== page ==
the same privileges as the user. Users whose accounts are configured to
    have fewer privileges on the system would be at less risk than users who
    operate with administrative privileges.
     * Windows NT 4.0 and Windows 2000 are not affected by this vulnerability.

    Workarounds:
    Microsoft has tested the following workarounds. While these workarounds
    will not correct the underlying vulnerability, they help block known
    attack vectors. When a workaround reduces functionality, it is identified
    below.

    Unregister the HCP Protocol.
    To help prevent an attack, unregister the HCP Protocol by deleting the
    following key from the registry: HKEY_CLASSES_ROOT\HCP.
    To do so, follow these steps:
    1. Click Start, and then click Run.
    2. Type regedit, and then click OK.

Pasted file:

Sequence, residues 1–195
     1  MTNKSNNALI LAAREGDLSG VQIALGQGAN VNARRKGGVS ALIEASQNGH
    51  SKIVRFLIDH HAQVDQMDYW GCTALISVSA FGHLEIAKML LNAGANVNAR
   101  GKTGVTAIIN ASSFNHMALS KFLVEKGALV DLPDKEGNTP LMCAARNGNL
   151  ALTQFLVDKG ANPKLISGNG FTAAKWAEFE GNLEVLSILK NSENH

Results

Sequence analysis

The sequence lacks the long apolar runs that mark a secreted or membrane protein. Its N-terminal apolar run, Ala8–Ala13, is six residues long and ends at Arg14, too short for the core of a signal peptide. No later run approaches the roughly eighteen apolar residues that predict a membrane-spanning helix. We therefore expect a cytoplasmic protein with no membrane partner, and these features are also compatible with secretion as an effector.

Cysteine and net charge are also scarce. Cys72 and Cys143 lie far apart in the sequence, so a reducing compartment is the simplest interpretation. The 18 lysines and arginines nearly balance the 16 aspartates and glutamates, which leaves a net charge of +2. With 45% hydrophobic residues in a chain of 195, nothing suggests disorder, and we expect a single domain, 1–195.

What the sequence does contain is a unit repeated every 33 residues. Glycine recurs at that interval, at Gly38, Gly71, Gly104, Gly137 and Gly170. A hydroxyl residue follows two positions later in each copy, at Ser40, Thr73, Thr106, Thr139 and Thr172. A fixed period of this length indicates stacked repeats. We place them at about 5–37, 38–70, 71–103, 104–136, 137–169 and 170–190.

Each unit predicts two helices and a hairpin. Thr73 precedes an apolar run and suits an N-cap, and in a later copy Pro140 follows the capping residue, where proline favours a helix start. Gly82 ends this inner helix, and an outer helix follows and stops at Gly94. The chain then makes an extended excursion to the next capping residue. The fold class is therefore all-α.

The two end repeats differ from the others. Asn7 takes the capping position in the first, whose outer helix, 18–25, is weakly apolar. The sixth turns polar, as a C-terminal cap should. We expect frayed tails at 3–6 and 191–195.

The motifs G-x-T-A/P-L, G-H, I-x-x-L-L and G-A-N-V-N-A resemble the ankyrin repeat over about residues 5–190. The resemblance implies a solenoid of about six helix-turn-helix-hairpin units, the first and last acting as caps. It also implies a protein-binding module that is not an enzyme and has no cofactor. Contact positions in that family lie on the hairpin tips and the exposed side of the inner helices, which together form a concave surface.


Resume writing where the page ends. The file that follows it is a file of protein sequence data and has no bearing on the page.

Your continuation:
The registry editor program launches.
    3. Expand HKEY_CLASSES_ROOT, and then highlight the HCP key.
    4.Right-click the HCP key, and then click Delete.
    Note Using Registry Editor incorrectly can cause serious problems that may
    require you to reinstall Windows. Microsoft cannot guarantee that problems
    resulting from the incorrect use of Registry Editor can be solved. Use
    Registry Editor at your own risk.

    Impact of Workaround: Unregistering the HCP protocol will break all local,
    legitimate help links that use hcp://. For example, links in Control Panel
    may no longer work.

    Install
    <http://www.microsoft.com/office/previous/outlook/2002security.asp>